After clinical evaluation and laboratory tests, every patient had initially 28 days of ACTH. Synthetic ACTH was used at a dose of 20 IU subcutaneously (s/c) per day for all infants more than 5 kg weight and 10 IU s/c per day for infants who weighed less than 5 kg. As a low dose was used, a daily regimen was given instead of the alternate day regimen. Other antiepileptics were tapered and stopped initially. No standardized treatment protocol was implemented after the initial 28 days for this follow-up study. Patients who were controlled with ACTH were continued on the oral medications; if they showed a partial response or no response, another 28 days of ACTH was given. Later other oral antiepileptics including vigabatrin, lamotrigine, topiramate, and benzodiazepines were given as the situation warranted, depending on the response and emergence of adverse effects. Vigabatrin was withdrawn after 6 weeks if there was no response. In patients who responded, vigabatrin was continued for 6-8 months and tapered. Patients who remained seizure-free were continued on sodium valproate monotherapy wherever possible or drug combinations for 2 total years of seizure freedom and EEG normalization (a normal EEG). Potential worsening by phenobarbitone, phenytoin, and carbamazepine was kept in mind and these drugs were avoided.

At each monthly or more frequent follow-up visits, treatment emergent adverse effects were recorded. Patients on vigabatrin were seen by an ophthalmologist every 3 months and retinal changes were assessed as in this age group, visual fields could not be examined and a large number of patients already had cortical blindness due to the initial cerebral insult.

Statistical analysis

The data were coded, entered, and analyzed using Windows Statistical Package for the Social Sciences (SPSS) version 11. Descriptive statistics was used to describe the social and demographic profiles, the seizure semiology, and the EEG. Bivariable analysis was performed using t-test and chi-square as appropriate for the variable. A p value <0.05 was considered to be significant. For multivariate analysis, binary logistic regression was used. Statistical analysis was performed by the second author (an epidemiologist).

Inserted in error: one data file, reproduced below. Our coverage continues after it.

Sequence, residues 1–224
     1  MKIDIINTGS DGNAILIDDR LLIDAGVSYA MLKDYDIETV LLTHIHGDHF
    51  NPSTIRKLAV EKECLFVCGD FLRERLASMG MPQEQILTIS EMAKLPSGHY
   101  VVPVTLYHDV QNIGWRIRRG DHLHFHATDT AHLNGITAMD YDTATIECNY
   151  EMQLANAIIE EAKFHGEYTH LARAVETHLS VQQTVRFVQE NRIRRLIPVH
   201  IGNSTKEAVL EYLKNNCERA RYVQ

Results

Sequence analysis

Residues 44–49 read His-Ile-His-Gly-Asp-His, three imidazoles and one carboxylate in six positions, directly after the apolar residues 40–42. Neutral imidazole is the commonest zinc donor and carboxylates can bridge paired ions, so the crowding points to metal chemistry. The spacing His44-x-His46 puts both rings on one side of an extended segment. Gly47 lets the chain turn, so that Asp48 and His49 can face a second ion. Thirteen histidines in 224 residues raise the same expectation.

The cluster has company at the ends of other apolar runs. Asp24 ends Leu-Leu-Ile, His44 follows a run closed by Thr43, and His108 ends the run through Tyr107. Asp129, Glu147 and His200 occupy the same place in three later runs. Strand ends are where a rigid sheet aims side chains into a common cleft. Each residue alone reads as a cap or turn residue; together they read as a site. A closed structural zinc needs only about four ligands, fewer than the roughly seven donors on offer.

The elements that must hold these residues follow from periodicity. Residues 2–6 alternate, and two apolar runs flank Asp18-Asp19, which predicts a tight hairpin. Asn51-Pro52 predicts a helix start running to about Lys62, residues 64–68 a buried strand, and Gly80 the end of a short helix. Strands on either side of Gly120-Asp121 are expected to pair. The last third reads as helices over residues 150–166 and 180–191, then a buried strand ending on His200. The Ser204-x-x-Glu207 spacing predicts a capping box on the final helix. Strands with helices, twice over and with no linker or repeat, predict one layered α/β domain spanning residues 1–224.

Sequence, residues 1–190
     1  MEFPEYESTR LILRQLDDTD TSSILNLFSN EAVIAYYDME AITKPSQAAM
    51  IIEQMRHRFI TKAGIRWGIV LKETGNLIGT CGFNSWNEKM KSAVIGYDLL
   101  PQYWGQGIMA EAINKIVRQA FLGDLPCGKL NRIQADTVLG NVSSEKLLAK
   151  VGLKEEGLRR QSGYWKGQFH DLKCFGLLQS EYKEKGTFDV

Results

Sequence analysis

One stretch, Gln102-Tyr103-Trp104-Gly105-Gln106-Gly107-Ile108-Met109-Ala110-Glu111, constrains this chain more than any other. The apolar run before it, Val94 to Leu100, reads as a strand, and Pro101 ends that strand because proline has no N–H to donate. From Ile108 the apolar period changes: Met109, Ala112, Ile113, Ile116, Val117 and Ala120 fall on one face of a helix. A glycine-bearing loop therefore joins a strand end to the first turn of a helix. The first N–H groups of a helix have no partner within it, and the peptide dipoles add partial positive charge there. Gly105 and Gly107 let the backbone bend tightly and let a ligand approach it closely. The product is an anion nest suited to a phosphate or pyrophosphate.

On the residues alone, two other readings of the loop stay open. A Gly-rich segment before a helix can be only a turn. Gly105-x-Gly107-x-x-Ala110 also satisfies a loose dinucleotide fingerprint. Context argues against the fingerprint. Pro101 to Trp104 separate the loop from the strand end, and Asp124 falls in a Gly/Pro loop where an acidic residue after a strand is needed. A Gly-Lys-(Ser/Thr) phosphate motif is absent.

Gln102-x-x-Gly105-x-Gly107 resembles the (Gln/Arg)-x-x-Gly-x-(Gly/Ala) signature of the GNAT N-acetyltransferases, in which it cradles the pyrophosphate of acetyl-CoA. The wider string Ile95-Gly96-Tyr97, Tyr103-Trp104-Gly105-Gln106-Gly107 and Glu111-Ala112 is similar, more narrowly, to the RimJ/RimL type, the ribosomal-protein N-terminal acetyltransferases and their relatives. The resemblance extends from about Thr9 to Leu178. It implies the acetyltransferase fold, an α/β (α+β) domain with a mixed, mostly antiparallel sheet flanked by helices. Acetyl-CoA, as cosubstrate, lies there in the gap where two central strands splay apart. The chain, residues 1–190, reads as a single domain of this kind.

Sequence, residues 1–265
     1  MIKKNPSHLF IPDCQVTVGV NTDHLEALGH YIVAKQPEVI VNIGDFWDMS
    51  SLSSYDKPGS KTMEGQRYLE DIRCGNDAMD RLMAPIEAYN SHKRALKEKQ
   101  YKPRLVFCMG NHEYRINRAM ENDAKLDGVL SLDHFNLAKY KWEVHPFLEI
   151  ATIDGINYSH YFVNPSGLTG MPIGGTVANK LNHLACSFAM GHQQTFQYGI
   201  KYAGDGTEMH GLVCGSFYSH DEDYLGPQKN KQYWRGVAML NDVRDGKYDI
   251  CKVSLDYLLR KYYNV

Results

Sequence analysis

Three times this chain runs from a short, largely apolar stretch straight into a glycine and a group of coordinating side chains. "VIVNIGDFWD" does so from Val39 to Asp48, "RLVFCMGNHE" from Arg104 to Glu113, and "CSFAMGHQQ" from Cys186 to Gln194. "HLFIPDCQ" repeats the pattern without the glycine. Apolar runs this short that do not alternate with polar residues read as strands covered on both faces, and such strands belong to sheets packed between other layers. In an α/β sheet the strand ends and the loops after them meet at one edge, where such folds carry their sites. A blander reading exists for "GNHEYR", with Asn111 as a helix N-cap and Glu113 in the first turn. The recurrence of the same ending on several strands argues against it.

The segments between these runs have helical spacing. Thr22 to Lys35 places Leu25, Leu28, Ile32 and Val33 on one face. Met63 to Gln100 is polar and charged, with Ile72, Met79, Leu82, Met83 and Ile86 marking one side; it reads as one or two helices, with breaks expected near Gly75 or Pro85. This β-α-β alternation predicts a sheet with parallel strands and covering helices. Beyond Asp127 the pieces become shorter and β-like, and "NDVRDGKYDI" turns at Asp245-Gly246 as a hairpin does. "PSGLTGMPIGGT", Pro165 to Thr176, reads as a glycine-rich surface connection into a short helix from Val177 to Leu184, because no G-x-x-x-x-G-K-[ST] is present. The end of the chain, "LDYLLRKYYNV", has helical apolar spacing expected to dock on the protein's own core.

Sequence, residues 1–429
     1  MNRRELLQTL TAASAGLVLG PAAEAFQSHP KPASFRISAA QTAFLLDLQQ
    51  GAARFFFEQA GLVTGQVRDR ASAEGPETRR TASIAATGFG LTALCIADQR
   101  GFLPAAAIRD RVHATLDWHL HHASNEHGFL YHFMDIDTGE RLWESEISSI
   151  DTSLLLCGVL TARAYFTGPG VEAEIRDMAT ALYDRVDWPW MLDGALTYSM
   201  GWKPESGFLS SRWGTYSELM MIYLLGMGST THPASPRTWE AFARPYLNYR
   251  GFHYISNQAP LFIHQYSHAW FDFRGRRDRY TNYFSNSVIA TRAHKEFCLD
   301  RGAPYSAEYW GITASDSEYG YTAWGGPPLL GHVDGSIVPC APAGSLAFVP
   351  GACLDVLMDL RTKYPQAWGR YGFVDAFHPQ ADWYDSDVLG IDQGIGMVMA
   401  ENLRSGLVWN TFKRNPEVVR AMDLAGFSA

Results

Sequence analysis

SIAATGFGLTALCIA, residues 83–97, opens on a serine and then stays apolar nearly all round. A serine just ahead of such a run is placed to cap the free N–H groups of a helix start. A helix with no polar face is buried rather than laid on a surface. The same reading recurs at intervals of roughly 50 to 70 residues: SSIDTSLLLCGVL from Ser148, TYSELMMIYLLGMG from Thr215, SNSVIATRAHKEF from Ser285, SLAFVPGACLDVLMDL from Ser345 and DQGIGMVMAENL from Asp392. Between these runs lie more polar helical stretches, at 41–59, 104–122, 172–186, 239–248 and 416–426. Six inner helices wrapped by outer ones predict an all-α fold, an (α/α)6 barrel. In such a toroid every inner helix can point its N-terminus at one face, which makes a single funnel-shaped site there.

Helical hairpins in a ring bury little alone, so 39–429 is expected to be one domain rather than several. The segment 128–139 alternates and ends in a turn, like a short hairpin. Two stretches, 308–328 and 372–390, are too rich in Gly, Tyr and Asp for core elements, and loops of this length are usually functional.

Observations and Results Top

Fifty consecutive cases of infantile spasms with hypsarrhythmia in their EEG were recruited over a 2.5-year period. The eligible study candidates were 55. The caretakers of two children refused to give consent to join the study. Three cases were excluded as the initial EEG was normal.

Baseline characteristics

[Table 1] shows the baseline characteristics of the 50 children. Among the children with family history of epilepsy, only one had family history of infantile spasms. The vast majority of our patients belonged to the middle income group — 36/50. [Table 2] shows the patient details and characteristics of the seizures of the group.
Table 1: Baseline characteristics of the study population

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Table 2: Seizure, patient, and EEG characteristics

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Six out of the total 50 were cryptogenic. The symptomatic group included 20 patients with perinatal problems including hypoxic ischemic encephalopathy (HIE), neonatal jaundice (NNJ), and hypoglycemic brain injury (HBI), 10 patients with cerebral malformation, 5 patients with intrauterine infections, 4 patients with inborn errors of metabolism, 1 patient with neonatal meningitis, 1 patient with postneonatal ventilation induced anoxic brain damage, and 3 patients with tuberous sclerosis. For analysis, the symptomatic group was reclassified into two groups:

  1. Perinatal; including HIE, NNJ, HBI, neonatal meningitis, and postneonatal ventilation anoxic damage, and
  2. A structural metabolic group, which included brain malformations, the inborn errors of metabolism, intrauterine infections, and tuberous sclerosis.


Early outcome

Seizure status